“I am not really in a great shape - I have suffered a back injury. It is still getting better but I hope to be back in really good shape soon,” Anderson said following the meet.

“Getting the 90m throw was really good, I was very much motivated by Neeraj to get a 90m throw because he started the competition with a PB and a NR and that was pretty good for the start,” he added.

Ahead of the event in Oregon, the thrower is hoping to be in top shape.

“I am thinking about it - not having the minor injuries and I hope when I am like 100 percent fit, I want to see what the result would be. When I am able to get the technique, to get the rhythm, and my body would be 100 percent ready, I really want to see the result,” Peters said.

“The more I compete, the better I become…In Eugene, it will be anybody´s game”

2019 World Championship silver medallist Shanieka Ricketts produced a 14.35m effort to win the triple jump at the Paavo Nurmi Games, at the Paavo Nurmi Stadium in Turku, Finland, on Tuesday.

Ricketts, who has a season’s best of 14.43m, finished ahead of Slovenia’s Neja Filipic (14.26m) and the USA’s Tori Franklin (14.05m) at the meet, which is a part of the World Athletics Continental Tour-Gold.

Also in action was 2019 World Champion and current world leader in the Men’s javelin, Anderson Peters of Grenada. He produced a distance of 86.60m for third in the event behind Indian Olympic Champion Neeraj Chopra who, in his first competition of the season, threw a personal best and national record 89.30 to finish second. Finland’s Oliver Helander threw a personal best 89.83m for the win.

Jamaican Olympic finalist Britany Anderson had to settle for second in the 100m hurdles in 12.59 after being narrowly out-dipped at the finish line by Nigeria’s reigning Commonwealth Games Champion Tobi Amusan (12.57). Nadine Visser of the Netherlands was third in 12.72.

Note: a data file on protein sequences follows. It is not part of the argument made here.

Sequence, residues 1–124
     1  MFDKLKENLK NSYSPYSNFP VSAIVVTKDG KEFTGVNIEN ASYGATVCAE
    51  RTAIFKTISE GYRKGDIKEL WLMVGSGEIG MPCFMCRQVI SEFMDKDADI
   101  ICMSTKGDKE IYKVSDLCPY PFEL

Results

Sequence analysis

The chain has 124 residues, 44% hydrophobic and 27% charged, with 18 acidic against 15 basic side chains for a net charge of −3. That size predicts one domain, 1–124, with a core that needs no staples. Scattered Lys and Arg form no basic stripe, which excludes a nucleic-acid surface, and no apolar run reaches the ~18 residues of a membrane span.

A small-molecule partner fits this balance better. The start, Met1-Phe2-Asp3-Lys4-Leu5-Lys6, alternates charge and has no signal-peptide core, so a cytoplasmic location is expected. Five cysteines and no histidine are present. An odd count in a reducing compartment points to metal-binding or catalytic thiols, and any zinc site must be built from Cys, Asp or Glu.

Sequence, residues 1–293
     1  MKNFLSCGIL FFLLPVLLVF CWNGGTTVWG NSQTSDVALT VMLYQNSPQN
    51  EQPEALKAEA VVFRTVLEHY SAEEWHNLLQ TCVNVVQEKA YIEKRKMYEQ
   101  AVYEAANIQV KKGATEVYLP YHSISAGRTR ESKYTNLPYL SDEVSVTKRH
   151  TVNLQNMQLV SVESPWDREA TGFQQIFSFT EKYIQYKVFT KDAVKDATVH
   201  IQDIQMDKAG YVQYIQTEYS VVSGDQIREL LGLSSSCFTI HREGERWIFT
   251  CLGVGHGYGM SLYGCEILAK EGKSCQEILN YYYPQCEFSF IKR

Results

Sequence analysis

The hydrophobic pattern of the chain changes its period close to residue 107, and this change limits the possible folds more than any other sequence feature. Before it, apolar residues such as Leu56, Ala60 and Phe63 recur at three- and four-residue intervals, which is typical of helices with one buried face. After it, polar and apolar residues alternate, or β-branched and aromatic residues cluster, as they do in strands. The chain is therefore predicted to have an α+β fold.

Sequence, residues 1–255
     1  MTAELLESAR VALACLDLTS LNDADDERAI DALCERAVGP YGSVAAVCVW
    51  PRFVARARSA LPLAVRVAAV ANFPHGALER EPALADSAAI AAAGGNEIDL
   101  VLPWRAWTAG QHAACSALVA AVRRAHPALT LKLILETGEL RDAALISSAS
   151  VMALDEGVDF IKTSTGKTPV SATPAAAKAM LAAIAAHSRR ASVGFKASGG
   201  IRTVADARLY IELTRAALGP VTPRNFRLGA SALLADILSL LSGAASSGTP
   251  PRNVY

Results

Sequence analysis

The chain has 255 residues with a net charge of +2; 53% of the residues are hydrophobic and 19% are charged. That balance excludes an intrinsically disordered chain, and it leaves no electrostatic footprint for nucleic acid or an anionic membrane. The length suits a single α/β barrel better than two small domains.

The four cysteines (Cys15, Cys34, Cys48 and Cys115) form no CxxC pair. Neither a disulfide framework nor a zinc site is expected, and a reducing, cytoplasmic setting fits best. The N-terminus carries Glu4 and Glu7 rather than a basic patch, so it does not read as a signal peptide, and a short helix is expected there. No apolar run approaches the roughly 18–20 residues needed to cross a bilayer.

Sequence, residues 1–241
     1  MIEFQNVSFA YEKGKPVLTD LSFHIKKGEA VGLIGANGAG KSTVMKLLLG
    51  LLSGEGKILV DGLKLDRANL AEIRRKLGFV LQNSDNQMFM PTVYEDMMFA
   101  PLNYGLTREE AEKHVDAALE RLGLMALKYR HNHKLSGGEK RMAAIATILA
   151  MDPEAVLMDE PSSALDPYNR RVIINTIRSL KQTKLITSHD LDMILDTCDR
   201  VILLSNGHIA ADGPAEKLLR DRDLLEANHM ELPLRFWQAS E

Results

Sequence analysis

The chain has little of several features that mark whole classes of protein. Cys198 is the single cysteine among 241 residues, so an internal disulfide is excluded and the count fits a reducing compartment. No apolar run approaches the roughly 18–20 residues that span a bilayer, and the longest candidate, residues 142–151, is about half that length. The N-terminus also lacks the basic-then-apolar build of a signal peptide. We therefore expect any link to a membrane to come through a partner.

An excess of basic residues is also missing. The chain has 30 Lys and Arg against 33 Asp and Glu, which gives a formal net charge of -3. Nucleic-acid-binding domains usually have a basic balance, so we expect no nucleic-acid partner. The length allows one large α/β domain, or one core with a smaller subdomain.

2011 100m World champion Yohan Blake ran a season’s best 10.05 for second in the Men’s 100m at the Ostrava Golden Spike, at the Municipal Stadium, in the Czech Republic, on Tuesday.

The race was won by Great Britain’s Reece Prescod in a personal best 9.93 while fellow British teammate and former Kingston College sprinter Zharnel Hughes was third in the same time as Blake.

Jamaican Tokoyo Olympic finalist Candice McLeod ran a season’s best 50.38 for second in the Women’s 400m behind Poland’s Natalia Kaczmarek who ran a personal best 50.16. Another Polish athlete, Anna Kielbasinska, was third in 50.38, equaling her own personal best.

Puerto Rican Olympic champion Jasmine Camacho-Quinn sped to 12.56 for victory in the Women’s 100m hurdles ahead of Poland’s Pia Skrzyszwoska who ran a personal best 12.65 and the USA’s Nia Ali (12.69).

It was a Caribbean 1-2 in the Men’s Javelin as Grenadian 2019 World Champion Anderson Peters continued his fine form this season with a throw of 87.88m to win ahead of Trinidadian 2012 Olympic Champion Keshorn Walcott (84.77m). Germany’s Julian Weber was third with 83.92m.

Cuba’s Maykel Masso won the Men’s Long Jump with 8.14m ahead of the Czech Republic’s Radek Juska (8.11m) and France’s Augustin Bey (8.00m).